[Editor: This article by L. E. Homfray was published in Daylight (Adelaide, SA), 30 December 1924.]
The Best Christmas Story.
The old, old story.
“Tell me the story always,
If you would really be
In any time of trouble
A comforter to me.”
Despite all our differences and divisions it would surprise many people to know how deeply evangelical the Catholic Faith really is. We may value the help of ritual, we may appear to others to lay too much stress upon outward acts of devotion, we may love and honour the mother of our Lord, and all other saints, and remembering our own utter unworthiness, may even call upon them to intercede for us in our times of danger or distress; but deep in the inmost heart of every Catholic is the one abiding and adoring love of Christ, the one yearning for His Presence, and for the assurance of His pardon and mercy.
And so, because to the Catholic heart there is nothing more real and more wonderful than the Presence of the world’s Redeemer who once in time, upon the Cross of Calvary, paid the ransom for His people’s sins — we fain would hear that same old story day by day from every altar where the Christian faith is taught.
The cry of every human heart is the same whether Catholic or Evangelical — the yearning to hear again, and yet again of
“That wonderful redemption,
God’s remedy for sin.”
And as the little child forgets his lesson even ere the day has passed, so we also forget the lesson of the Incarnation and Atonement, and, conscious only of our own exceeding weakness we plead,
“Tell me the story often,
For I forget so soon,
The early dew of morning
Has passed away at noon.”
Ah! Is it not so? The early morning dew of our innocent young lives. How soon it melted ’neath the world’s glare and glitter. Those sacred days of Confirmation and our first Holy Communion — how quickly their memory faded, how soon we lost the burning zeal which fired our youthful hearts, and with it much of the abiding reality of God’s presence within our souls, and now, heart sick and travel worn, we cry again—
“Tell me the story simply,
As to a little child,
For I am weak and weary,
And helpless and defiled.”
Ah! And again when the glitter of worldly wealth has filled our hearts with pride, or dimmed our eyes, so that we no longer behold that dear beloved Form upon the Cross, when worthless joys of earth have made us forget for a time that lone Figure in all its wondrous poverty and glory outstretched against the darkening sky — then in that hour—
“When you have cause to fear
That this world’s empty glory
Is costing me too dear.”
Some still small voice within our souls gives utterance to the cry which has stirred the hearts of countless numbers of sinners throughout all ages—
“Tell me the old, old story,
Of unseen things above,
Of Jesus and His glory —
Of Jesus and His love.”
There lives, deep in the heart of humanity, the yearning after Christ, the Son of God, the living Bread who alone can satisfy the faint and hungry soul.
How then shall they know where to seek Him, that they may rest their weary souls upon His sacred Heart, save through hearing again and yet again the old, old story of His love? Has He not promised in His most gracious words: “I, if I be lifted from the earth will draw all men unto Me.”
And so, in humble and adoring faith we come to seek Him at the altar, there to find fresh courage for our troubled souls, there to hear His words of pardon, and to lay before His sacred Heart those burdens which had grown so unbearably heavy, and to ask for all the souls we love, the blessings of His infinite mercy and forgiveness.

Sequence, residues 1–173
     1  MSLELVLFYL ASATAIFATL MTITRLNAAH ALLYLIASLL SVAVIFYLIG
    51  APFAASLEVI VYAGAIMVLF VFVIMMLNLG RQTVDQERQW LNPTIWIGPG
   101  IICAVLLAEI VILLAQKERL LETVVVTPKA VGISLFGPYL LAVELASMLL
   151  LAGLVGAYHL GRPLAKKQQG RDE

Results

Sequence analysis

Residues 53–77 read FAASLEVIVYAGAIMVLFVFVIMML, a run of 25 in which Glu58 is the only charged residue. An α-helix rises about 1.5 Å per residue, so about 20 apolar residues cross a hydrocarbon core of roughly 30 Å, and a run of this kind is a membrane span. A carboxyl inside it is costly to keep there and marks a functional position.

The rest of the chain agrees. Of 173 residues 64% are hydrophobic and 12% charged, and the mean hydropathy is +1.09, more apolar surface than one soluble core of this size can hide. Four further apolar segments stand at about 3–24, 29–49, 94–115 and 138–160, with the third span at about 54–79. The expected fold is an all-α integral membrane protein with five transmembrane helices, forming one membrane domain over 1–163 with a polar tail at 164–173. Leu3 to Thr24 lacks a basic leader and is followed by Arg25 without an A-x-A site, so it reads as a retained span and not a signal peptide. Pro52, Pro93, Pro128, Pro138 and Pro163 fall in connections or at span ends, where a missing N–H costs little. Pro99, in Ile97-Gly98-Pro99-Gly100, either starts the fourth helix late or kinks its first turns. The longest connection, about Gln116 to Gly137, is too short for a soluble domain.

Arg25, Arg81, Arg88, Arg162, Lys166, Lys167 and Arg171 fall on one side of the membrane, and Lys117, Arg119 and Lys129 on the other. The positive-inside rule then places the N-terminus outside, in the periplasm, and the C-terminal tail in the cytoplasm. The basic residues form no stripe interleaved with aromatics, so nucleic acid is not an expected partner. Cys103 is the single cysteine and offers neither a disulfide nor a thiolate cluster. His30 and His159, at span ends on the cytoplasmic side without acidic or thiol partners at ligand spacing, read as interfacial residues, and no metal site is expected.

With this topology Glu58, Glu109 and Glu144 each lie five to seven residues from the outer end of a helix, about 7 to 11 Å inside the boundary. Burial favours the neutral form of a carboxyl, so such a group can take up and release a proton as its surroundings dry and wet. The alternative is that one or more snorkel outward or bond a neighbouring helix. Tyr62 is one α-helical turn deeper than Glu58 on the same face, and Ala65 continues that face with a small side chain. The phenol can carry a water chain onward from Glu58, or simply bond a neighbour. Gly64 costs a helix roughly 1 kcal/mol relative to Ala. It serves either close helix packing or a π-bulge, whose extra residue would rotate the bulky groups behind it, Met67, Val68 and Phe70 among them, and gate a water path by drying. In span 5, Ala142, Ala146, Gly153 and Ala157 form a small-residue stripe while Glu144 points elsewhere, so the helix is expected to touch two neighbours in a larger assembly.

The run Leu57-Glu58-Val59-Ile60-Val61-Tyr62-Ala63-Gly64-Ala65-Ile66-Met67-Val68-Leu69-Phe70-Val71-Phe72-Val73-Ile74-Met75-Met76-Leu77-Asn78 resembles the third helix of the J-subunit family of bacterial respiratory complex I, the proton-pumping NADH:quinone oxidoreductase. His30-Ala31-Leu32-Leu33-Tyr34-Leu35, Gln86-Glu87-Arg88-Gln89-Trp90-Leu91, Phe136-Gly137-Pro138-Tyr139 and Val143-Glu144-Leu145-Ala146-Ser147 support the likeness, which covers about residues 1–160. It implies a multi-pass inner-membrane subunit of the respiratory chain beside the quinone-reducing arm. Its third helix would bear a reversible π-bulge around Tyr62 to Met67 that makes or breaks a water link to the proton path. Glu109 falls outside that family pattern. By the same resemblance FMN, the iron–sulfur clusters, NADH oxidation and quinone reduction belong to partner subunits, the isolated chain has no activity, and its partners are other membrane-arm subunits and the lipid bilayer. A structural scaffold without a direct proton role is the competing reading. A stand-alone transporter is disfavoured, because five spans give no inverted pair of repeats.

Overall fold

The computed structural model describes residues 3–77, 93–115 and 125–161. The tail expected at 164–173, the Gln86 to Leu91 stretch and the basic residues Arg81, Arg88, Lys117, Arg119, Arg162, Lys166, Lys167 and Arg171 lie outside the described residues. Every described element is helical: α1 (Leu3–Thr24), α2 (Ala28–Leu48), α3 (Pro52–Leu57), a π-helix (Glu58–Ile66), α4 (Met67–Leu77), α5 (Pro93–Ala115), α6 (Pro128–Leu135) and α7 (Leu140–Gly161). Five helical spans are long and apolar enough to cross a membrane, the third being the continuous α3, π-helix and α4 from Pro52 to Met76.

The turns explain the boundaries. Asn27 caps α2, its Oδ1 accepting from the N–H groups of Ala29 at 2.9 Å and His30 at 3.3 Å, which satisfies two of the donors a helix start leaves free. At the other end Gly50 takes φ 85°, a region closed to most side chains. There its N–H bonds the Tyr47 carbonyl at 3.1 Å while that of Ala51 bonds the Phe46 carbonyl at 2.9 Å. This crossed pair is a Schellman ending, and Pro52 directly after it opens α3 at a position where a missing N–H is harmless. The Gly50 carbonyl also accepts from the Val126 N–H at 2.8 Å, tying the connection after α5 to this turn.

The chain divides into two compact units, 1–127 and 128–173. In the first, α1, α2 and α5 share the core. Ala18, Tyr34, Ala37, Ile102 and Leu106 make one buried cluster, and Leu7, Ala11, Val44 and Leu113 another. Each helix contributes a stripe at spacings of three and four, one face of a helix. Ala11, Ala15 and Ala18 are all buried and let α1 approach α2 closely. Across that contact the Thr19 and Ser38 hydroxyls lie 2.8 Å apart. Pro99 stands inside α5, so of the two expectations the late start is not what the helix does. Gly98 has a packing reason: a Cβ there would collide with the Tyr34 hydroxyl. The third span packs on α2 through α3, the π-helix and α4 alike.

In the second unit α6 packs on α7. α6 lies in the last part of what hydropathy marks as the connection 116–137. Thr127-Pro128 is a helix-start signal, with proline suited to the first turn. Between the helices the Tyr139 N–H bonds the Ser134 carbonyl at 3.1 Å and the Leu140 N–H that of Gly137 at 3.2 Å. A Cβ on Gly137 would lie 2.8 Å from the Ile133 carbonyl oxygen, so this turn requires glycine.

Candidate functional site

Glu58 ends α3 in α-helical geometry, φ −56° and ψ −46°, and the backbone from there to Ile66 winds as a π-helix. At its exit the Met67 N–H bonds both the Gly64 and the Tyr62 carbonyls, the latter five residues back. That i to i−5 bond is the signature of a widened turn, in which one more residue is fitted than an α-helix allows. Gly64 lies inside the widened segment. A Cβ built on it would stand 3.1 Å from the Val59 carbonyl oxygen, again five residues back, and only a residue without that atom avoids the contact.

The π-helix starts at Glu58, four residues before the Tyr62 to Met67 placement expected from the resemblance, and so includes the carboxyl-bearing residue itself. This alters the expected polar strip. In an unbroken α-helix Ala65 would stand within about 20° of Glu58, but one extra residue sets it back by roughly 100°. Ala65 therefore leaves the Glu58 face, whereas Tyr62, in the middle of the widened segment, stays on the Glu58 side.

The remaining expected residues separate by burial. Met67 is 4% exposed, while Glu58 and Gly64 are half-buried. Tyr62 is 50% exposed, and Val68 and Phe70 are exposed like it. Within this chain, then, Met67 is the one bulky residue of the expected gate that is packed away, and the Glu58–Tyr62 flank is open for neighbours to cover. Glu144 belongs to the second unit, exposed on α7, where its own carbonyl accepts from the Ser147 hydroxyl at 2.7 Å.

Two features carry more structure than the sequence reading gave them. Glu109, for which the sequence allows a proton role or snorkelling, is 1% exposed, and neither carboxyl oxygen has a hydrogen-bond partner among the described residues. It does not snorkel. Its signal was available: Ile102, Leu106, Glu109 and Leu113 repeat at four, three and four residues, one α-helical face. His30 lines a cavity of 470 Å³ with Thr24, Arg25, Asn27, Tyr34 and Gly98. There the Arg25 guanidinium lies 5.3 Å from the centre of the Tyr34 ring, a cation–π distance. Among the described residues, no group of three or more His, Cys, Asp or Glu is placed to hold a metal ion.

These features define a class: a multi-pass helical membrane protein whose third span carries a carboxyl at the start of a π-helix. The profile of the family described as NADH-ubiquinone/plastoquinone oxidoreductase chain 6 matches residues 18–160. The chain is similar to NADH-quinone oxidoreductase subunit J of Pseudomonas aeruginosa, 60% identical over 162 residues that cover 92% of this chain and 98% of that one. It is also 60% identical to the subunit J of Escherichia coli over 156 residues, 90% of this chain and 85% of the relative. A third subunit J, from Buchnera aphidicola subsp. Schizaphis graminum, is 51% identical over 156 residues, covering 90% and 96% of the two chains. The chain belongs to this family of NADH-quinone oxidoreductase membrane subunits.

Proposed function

There in that solemn silence we renew once more our vows and resolutions, and taking back into the world some echoes of that old, old story, we go forth refreshed and ready to fight once more against the sorrows and temptations which, without the comfort of Christ’s Presence, would in all surety have overwhelmed us.
“Yes, and when that world’s glory
Is dawning on my soul,
Tell me the old, old story,
Christ Jesus makes thee whole.”
For, in that last dread hour, when earthly lights grow dim, when the worthless joys of wealth shall fail us, the one last conscious cry of the departing soul will still be for that one unfading story—
“Of Jesus and His Glory,
Of Jesus and His Love.”
L. E. HOMFRAY.
(in “The Church Standard.”)
Daylight (Adelaide, SA), 30 December 1924, p. 825 (7th page of that issue)
This article originally appeared in the Church Standard (Sydney, NSW), which was the official newspaper of the Church of England in Australia, published from 1912 to 1952.
The verses quoted in the text of the article are from “Tell Me the Old, Old Story”, a hymn written by A. Catherine Hankey (1834-1911).
See: “296. Tell Me the Old, Old Story”, Hymnary.org
Calvary = the place where Jesus was crucified (according to tradition, Calvary was a hill located outside of the walled city of Jerusalem)
ere = (archaic) before (from the Middle English “er”, itself from the Old English “aer”, meaning early or soon)
fain = happily or gladly; ready or willing; obliged or compelled
He = in a religious context, and capitalized, a reference to God or Jesus
Him = in a religious context, and capitalized, a reference to God or Jesus
His = in a religious context, and capitalized, a reference to God or Jesus
Lord = in a religious context, and capitalized, a reference to God or Jesus
’neath = (vernacular) beneath
Redeemer = in a religious context, and capitalized, Jesus
thee = (archaic) you
[Editor: Added a comma after “That wonderful redemption”; added a question mark after “Is it not so”.]